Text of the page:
Accurate HIV surveillance data are essential to monitor trends to help end the HIV epidemic, however, HIV surveillance data have not been routinely shared across jurisdictions except a biannual case-by-case review process to identify and remove duplicate cases (Routine Interstate Duplicate Review, RIDR). HIV surveillance estimates for the District of Columbia (DC) are complicated by migration and care seeking throughout the metropolitan area, which includes Maryland and Virginia. To address gaps in HIV surveillance data, health departments of DC, Maryland, and Virginia established HIV surveillance data sharing agreements. In this article, the results of that cross-jurisdictional sharing arrangement for the three public health departments are reviewed. The data exchange reduced the number of cases misclassified as DC residents and reduced the number of cases needing RIDR by 74 percent for DC-Maryland and 81 percent for DC-Virginia, making the HIV surveillance operations data-to-care efforts more efficient and accurate. Cross-jurisdictional communicable disease surveillance data exchange is feasible and may benefit other areas in the United States with substantial population movement across states or jurisdiction boundaries.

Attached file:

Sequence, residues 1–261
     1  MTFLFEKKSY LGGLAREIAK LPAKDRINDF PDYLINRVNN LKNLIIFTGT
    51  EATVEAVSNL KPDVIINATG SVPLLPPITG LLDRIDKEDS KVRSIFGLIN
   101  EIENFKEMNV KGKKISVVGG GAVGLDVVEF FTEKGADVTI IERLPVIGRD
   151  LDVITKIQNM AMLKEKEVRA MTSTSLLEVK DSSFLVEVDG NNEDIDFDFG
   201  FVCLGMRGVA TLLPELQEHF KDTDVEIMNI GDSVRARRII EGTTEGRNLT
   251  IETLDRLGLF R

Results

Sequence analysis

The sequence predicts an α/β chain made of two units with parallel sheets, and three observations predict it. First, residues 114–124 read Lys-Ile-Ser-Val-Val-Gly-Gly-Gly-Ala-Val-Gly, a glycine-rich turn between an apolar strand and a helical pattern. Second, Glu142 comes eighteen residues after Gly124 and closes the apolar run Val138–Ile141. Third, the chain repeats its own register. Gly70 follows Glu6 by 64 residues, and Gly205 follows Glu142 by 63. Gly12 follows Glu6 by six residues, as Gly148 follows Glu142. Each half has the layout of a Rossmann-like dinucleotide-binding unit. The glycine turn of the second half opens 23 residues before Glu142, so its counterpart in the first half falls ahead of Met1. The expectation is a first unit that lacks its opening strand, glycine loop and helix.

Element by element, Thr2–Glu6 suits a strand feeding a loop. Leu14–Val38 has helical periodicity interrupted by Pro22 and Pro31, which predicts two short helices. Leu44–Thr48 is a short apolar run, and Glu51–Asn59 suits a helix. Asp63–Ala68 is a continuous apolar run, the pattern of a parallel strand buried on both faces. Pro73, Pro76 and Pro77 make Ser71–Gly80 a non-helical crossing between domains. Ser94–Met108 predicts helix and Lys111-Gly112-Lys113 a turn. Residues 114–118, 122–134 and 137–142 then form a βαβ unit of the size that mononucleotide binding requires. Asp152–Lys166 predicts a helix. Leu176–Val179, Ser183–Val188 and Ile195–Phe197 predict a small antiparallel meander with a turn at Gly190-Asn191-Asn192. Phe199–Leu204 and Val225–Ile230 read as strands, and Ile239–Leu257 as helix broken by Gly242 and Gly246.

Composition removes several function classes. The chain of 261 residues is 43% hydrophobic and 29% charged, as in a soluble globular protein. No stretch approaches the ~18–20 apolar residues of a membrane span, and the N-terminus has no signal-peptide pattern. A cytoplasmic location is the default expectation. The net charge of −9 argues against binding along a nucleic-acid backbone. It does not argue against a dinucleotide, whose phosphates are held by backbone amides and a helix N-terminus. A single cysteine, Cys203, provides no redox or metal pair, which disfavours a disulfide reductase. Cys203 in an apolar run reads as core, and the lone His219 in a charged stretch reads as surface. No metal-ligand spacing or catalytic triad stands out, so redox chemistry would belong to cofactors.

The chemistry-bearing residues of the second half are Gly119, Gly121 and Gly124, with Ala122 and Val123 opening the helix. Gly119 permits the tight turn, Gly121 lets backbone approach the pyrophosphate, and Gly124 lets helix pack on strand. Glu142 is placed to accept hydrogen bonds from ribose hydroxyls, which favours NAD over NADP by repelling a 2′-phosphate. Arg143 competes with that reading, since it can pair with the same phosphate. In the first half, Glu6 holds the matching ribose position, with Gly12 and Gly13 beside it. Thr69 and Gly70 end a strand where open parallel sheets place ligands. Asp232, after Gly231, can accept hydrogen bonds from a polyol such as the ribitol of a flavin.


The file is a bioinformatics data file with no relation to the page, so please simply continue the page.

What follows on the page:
Available Online: https://publichealth.jmir.org/2018/3/e62/